IMR Press / FBL / Volume 10 / Issue 3 / DOI: 10.2741/1713

Frontiers in Bioscience-Landmark (FBL) is published by IMR Press from Volume 26 Issue 5 (2021). Previous articles were published by another publisher on a subscription basis, and they are hosted by IMR Press on as a courtesy and upon agreement with Frontiers in Bioscience.

Regulation of adrenocortical cardiotonic steroid production by dopamine and PKA signaling
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1 Institute of Molecular Medicine, University of Texas at Houston, 2121 Holcombe Blvd, Houston, TX 77030, USA
2 Institut de Génétique et de Biologie Moléculaire et Cellulaire Centre National de la Recherche Scientifique University de Louis Pasteur 67404 Illkirch, Strasbourg, France

Academic Editor: Joseph Shapiro

Front. Biosci. (Landmark Ed) 2005, 10(3), 2489–2495;
Published: 1 September 2005
(This article belongs to the Special Issue Regulation and function of NaK-ATPase in health and disease)

There is growing evidence that the adrenal cortex is the source of cardiotonic steroid (CS) regulators of sodium, potassium-ATPase (NKA). The control of adrenocortical production CS may play a critical role in mediating renal and vascular responses involved in arterial hypertension. Dopamine (DA) controls renal NKA by direct regulatory phosphorylation and indirectly by modification of aldosterone release. In the present studies, Y-1 adrenocortical cell cultures which have been shown to produce a cardiotonic steroid indistinguishable from the known vertebrate steroid, marinobufagenin (MBG), were treated with various agents to stimulate or antagonize dopamine signaling pathways. We demonstrate that Y-1 cells express both pharmacological types of dopamine receptor (DA1 and DA2). Treatment of Y-1 cells with DA stimulated MBG production in a dose range similar to that shown to inhibit aldosterone production by the adrenal cortex. Experiments with specific DA1 and DA2 receptor agonists and antagonists were performed and allowed us to attribute the DA stimulatory effect to a DA1 type receptor. The DA stimulatory effect on MBG depended on protein kinase A (PKA) and could be blocked by Rp-cAMPS. Although both basal and forskolin-stimulated progesterone production by Y-1 cells were profoundly inhibited in Y-1 cell lines expressing the dominant negative type I regulatory subunit of PKA, both basal and forskolin-stimulated MBG production were demonstrated in these lines. This evidence suggests a possible role of DA1 signaling through camp-mediated activation of the type II PKA holoenzyme in the adrenal cortex.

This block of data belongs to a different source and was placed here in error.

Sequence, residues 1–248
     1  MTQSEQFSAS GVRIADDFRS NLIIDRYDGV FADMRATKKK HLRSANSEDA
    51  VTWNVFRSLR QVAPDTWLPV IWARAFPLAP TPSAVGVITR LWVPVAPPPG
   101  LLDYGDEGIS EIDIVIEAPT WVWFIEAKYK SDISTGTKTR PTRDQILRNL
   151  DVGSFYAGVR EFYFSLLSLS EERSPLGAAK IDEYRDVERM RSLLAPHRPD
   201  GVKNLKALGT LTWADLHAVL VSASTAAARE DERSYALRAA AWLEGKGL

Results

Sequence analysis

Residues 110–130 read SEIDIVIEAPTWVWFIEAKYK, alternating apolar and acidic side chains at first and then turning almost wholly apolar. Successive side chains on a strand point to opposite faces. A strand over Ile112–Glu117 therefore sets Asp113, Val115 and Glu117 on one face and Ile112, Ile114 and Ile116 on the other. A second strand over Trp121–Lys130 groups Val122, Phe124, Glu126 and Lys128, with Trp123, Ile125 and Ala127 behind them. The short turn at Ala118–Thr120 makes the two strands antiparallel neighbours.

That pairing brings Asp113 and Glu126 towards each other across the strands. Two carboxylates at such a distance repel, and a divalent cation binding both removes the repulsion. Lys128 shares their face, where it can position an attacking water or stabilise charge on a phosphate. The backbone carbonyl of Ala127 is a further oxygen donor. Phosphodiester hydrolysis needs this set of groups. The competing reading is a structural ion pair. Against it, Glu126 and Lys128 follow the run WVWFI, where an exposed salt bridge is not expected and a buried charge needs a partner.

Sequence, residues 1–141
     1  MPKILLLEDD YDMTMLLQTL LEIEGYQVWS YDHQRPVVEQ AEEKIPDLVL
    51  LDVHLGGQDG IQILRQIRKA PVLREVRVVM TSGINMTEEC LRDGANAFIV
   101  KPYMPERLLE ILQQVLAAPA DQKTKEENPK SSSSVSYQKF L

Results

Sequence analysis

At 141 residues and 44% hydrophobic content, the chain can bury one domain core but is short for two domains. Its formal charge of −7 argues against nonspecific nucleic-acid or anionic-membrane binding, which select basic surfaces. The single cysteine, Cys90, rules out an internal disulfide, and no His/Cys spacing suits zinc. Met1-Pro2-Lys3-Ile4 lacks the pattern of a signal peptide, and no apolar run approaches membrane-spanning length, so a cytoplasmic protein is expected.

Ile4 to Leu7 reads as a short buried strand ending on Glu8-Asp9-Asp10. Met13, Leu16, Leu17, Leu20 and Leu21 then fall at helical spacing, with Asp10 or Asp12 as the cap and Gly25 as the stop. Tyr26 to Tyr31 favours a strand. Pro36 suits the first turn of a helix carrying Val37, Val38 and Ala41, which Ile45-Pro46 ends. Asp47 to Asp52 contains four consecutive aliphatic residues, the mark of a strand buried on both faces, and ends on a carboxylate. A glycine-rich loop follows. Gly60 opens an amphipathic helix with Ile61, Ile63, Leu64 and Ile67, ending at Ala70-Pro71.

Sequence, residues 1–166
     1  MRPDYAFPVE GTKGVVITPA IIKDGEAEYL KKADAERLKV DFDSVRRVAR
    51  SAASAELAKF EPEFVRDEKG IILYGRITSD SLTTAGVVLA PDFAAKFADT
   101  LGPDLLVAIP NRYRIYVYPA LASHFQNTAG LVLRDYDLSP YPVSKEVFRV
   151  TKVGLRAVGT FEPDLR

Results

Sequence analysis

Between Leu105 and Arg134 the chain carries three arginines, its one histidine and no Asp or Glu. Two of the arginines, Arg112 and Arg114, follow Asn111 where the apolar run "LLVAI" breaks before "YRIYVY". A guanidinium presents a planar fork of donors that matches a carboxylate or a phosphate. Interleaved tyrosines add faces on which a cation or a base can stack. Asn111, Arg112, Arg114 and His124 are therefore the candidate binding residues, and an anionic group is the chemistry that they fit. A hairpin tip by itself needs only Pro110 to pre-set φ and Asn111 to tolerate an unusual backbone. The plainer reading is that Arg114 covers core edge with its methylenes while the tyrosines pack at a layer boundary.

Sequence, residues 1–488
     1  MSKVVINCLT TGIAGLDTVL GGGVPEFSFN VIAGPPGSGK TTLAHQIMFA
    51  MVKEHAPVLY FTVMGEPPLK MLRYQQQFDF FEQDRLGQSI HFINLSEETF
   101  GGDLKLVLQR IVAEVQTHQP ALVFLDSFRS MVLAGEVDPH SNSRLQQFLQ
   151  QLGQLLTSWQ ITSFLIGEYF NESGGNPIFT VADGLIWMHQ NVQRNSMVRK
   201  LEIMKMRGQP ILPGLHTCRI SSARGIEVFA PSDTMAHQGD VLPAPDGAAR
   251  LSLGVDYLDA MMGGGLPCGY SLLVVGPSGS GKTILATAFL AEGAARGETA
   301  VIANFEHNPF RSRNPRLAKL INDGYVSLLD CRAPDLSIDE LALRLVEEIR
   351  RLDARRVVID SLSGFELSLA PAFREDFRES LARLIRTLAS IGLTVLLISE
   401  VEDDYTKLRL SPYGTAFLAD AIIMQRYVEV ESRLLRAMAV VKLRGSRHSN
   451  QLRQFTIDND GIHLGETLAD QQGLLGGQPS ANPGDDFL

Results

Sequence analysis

Adrenal Cortex
Protein Kinase A
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